BRAD LEITHAUSER, whose Hundreds of Fireflies (Knopf) was one of the final contenders in poetry for a 1983 National Book Critics Circle Award, was recently visiting this country from Japan where he's lived since graduating from law school. ("I wanted to do something weird," Leithauser explains. The two "weirdest" offers for legal work he had at that time involved going to Guam or Kyoto, and, after consultation with his wife, Mary Jo Salter, also a poet, he chose the latter.) One thing he did not expect to happen during his stopover in the United States, while he did some job-hunting, was to find himself the recipient of one of the unsolicited MacArthur Foundation awards. His is $30,400 a year for the next five years, with no strings attached.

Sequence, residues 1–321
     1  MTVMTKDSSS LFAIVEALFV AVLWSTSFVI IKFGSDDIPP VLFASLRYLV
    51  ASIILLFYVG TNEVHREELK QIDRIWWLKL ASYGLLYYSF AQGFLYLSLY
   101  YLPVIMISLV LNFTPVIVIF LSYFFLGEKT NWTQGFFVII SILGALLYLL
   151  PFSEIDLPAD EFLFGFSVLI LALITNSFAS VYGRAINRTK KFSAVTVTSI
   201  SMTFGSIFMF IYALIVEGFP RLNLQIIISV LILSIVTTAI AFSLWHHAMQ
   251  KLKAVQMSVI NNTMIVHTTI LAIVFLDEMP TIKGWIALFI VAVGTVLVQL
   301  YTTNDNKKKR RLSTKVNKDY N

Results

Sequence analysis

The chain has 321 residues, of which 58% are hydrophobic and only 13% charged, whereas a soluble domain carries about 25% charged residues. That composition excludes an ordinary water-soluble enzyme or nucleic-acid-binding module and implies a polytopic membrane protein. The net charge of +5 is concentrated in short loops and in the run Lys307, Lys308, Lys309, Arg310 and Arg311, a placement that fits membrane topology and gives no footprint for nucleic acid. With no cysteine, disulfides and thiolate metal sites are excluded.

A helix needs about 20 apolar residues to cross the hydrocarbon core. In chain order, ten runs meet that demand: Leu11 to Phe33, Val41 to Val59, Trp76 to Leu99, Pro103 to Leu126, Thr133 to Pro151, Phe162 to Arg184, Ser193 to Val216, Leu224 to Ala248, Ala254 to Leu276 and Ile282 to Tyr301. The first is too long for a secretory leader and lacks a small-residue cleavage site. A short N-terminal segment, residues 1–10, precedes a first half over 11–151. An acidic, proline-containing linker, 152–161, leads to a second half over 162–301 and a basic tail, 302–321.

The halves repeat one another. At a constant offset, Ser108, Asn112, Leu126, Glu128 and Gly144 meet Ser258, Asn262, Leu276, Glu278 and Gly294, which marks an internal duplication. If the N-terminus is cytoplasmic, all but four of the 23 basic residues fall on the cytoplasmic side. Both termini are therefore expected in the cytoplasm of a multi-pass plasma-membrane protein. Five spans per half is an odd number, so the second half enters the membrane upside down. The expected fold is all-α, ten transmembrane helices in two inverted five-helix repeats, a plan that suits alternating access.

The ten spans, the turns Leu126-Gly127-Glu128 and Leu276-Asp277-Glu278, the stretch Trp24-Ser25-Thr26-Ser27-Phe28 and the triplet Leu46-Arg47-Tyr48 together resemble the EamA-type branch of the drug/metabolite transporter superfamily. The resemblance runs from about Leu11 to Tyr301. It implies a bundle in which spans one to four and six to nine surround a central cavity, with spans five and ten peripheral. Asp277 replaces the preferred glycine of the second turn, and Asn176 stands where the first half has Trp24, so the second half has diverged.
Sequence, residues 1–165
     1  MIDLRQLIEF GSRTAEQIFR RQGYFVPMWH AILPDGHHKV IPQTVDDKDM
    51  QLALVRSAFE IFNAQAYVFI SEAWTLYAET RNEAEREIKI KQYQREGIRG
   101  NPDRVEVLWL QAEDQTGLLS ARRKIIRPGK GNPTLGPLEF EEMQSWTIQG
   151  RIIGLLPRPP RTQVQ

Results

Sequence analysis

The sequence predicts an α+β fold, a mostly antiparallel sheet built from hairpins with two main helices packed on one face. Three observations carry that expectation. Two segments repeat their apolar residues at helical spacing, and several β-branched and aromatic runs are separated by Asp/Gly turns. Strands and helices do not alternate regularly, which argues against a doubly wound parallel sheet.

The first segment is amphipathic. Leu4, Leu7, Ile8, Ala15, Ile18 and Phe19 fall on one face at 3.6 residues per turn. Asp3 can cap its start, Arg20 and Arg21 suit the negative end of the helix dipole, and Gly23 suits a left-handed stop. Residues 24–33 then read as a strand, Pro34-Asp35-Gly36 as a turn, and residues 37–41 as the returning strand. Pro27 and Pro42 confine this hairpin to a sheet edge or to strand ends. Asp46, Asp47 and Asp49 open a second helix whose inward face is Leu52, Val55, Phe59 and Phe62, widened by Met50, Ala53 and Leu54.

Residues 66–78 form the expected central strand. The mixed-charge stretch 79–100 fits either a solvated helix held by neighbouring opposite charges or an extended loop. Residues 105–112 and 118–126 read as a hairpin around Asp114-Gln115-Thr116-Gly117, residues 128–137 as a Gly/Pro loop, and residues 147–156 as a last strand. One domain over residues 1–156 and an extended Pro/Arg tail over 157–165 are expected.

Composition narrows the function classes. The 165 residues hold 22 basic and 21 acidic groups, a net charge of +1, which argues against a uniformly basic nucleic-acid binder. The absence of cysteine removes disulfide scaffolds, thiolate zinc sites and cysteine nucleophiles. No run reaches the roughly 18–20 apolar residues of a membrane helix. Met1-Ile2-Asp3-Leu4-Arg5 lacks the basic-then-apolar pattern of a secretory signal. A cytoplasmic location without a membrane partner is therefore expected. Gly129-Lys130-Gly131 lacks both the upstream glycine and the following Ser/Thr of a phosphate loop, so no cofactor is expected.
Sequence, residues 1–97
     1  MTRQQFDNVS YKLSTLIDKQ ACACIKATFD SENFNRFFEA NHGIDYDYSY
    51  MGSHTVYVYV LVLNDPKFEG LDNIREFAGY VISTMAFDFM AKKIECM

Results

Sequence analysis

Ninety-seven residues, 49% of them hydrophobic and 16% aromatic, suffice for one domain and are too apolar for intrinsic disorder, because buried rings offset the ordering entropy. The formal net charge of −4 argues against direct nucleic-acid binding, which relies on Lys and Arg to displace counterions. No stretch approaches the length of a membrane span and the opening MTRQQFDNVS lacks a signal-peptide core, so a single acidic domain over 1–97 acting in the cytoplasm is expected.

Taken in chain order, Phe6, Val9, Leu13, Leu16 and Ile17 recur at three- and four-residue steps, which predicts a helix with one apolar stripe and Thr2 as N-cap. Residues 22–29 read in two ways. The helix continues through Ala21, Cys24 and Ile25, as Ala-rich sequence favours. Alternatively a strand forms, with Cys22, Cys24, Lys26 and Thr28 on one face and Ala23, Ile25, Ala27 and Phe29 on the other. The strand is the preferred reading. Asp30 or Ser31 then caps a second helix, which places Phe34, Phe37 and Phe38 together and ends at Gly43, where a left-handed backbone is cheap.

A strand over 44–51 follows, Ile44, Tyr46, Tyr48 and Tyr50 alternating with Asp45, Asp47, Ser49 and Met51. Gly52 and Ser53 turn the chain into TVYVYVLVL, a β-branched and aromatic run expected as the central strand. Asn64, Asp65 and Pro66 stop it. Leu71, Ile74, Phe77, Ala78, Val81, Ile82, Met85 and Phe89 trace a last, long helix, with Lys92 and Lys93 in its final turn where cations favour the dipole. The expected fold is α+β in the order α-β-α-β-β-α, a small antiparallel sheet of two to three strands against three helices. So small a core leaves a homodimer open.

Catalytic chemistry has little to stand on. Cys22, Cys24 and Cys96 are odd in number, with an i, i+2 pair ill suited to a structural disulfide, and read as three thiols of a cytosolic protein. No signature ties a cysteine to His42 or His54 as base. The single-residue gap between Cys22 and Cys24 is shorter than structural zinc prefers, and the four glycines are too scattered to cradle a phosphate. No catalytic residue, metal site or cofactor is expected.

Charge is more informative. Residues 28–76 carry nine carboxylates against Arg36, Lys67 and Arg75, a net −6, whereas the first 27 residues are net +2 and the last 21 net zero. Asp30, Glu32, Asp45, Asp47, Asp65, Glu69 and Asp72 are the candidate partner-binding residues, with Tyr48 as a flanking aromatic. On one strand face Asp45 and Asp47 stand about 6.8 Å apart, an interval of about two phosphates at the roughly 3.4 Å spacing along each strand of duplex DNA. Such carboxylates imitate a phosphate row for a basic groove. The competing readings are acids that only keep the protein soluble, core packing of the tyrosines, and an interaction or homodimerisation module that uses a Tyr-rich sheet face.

It's a little odd to be a serious (successful) poet and a lawyer, but not, when you come to think of it, all that strange. Louis Auchincloss, for example, is a lawyer and a novelist; Wallace Stevens worked as an insurance executive; L.E. Sissman was an advertising man; T.S. Eliot started off in a bank. But to the anonymous committee which bestows the now-coveted MacArthur gifts, Leithauser is special enough. With one-third of a new book of poems completed, he's also at work on a novel. However, he's not sure what actual effect the MacArthur money is going to have on his plans. One thing: they give the cash out on an age basis, with the younger winners getting less, and the 29-year-old Leithauser wouldn't be human if he didn't admit, "It's the first time I've ever wanted to be older than I am."